A Few Words About That Taxi
After reading the article “A Few Words About This Picture” (by Bobby Lowich, Fall 1992), I am left to wonder if old photographs can be trusted. Experience, however, has taught me that they do tell the truth, and that problems arise from interpretation. This is an interesting article, but I think the photo needs further study.
The author asserts that the vehicle is “a [Model T] Ford from the radiator to the steering wheel.” This is simply not the case. There are no Model T parts visible at the front end or anywhere else on this fine-looking machine. The quirky characteristics of the Model T in both appearance and operation are not soon forgotten, and they are not found here.
Following are some of the obvious differences: The Ford was equipped with a single transverse mounted spring in the front and another in the rear; this vehicle has frame horns with fore-and-aft mounted semi-elliptic springs both front and rear. The wheels appear larger and stockier than the Ford’s, and have six mounting lugs instead of the Ford’s four. Missing from beneath the car is the distinctive shape of the Model T’s one-piece transmission housing and engine pan. And there is no mistaking a Model T’s steering wheel, whose spokes and hub protrude above the rim toward the driver. This is not one.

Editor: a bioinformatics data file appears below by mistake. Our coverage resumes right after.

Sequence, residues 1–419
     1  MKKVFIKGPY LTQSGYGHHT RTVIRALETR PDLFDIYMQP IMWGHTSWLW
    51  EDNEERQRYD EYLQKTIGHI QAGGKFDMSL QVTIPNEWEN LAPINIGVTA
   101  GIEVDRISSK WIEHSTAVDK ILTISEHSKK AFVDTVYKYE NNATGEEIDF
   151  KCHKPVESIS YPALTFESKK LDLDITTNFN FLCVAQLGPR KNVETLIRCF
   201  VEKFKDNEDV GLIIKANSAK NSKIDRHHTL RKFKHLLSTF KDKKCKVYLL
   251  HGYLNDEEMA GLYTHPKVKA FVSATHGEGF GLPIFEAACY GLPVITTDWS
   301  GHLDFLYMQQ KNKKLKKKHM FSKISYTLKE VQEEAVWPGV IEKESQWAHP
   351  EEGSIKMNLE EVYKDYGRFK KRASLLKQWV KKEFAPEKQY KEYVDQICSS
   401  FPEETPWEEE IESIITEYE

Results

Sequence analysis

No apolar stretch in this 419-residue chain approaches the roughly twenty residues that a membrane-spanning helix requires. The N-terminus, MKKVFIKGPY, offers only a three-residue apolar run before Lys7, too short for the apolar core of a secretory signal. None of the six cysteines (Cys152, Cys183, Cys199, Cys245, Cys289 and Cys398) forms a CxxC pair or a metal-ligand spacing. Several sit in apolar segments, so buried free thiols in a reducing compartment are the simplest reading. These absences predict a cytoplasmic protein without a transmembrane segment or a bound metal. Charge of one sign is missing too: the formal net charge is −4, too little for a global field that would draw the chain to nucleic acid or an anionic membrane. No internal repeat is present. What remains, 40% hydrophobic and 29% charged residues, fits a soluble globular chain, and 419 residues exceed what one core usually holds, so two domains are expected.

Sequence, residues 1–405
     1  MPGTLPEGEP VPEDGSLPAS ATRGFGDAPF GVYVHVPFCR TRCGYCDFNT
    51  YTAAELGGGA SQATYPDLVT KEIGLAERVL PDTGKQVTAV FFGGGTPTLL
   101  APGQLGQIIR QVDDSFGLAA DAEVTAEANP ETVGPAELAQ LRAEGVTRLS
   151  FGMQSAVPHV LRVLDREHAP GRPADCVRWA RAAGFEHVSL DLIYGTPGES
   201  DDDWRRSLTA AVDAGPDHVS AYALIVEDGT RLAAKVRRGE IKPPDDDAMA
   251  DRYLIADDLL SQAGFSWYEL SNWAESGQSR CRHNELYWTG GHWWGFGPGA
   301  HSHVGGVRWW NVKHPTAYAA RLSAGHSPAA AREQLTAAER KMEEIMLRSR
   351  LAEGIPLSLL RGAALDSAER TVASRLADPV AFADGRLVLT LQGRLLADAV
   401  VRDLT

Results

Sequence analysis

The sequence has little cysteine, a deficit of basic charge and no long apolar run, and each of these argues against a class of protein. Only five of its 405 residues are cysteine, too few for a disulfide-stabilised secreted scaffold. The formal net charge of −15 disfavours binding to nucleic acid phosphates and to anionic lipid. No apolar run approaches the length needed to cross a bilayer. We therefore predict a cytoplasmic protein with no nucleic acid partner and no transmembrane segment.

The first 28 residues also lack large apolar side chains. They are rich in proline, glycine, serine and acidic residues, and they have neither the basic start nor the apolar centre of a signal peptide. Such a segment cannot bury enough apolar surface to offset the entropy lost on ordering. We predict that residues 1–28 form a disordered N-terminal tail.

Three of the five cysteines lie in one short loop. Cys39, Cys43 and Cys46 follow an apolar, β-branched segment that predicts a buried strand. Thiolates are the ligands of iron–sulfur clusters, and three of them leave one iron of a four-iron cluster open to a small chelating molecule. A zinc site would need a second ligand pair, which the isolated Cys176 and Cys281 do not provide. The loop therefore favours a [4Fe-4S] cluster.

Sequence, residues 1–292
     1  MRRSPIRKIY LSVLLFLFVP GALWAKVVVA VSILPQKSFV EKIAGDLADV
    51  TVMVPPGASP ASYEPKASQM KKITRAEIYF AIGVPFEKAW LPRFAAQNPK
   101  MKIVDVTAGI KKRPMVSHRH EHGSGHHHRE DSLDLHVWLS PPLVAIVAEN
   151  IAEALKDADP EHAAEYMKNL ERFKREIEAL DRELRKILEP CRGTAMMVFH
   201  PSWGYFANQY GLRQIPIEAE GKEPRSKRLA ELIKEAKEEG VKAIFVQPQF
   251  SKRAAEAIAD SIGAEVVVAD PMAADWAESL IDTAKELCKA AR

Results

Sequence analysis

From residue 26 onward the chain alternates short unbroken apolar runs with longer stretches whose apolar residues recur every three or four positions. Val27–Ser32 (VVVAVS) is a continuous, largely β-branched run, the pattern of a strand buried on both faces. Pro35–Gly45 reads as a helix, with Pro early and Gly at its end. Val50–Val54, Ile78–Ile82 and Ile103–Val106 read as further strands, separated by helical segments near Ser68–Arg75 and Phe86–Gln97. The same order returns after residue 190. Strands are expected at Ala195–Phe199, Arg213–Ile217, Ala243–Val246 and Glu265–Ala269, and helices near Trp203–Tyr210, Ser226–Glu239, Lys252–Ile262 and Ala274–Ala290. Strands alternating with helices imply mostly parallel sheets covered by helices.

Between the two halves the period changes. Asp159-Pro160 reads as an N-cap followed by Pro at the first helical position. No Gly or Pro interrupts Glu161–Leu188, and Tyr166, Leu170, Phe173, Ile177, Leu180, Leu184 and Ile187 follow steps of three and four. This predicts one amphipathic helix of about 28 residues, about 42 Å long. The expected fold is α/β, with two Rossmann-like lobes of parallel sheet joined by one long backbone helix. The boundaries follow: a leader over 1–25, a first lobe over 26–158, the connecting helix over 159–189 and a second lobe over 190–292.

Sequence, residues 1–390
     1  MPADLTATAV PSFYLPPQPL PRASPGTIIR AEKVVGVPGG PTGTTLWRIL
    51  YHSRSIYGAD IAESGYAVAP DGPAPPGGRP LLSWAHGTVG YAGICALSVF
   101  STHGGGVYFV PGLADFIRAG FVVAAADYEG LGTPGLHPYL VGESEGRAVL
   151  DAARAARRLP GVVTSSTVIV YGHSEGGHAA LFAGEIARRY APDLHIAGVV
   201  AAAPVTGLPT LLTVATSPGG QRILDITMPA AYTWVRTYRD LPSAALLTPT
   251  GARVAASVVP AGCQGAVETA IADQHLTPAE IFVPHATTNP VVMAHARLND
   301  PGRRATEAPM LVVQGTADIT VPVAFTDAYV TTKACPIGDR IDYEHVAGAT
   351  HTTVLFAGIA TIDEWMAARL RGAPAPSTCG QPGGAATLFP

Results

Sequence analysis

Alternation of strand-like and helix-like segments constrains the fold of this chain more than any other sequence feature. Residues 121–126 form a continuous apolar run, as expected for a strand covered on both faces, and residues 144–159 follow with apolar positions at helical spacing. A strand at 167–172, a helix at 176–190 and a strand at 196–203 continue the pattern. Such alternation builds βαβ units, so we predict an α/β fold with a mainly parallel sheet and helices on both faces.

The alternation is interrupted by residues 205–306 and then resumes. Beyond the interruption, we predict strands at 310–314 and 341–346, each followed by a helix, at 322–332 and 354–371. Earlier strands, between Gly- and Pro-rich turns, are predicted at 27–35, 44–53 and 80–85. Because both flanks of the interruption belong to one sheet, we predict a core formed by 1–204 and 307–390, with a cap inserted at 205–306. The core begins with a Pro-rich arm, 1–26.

Aside from these points there is the intriguing question why anyone would cobble together a Ford taxi when just such a car was marketed by Ford. In 1918 it was sold for the amazingly low price of $595. That’s a fraction of the price quoted by the author for a pieced-together Ford taxi.
One final comment concerns the assumption that the tires were painted for the photo session. I think not. Tire casings have not always been black, and in the era of this taxi many were gray—including the tread. I am inclined to think that what we see in the photo is not a hasty paint job but dirt on light gray or white tires.
William E. Worthington, Jr.
National Museum of American History
A Few Words About That Taxi
Mr. Lowich’s article contains information about my grandfather. His name was John H. Ohmer, not Ohlmer. Also, the man under the hat in the cab’s rear side window was my uncle Col. Robert Hubler, not Charles Huber.
I certainly have enjoyed reading your publication.
Frederic L. Ohmer
The editors reply: The car in the photograph is in fact a Yellow Cab, built around 1915 by the W. W. Shaw Livery Company of Chicago. Invention & Technology regrets the lapses in our usually rigorous fact-checking system that permitted these errors to reach publication.
A Miner Matter
In the Summer 1992 issue the article “Safety First, at Last” (by Mary Blye Howe) caught my attention. The fullpage picture of an unidentified miner on page 55 is of my father, Merritt Bundy. The picture was taken around 1942 at the mine entrance on the family farm. He mined coal there for ten years, supplying coal to many area homes from 1936 to 1946. He is now ninety-two and still lives on the farm. Of course the mine heading was filled in years ago. I guess he has outlived his unsafe mining practices.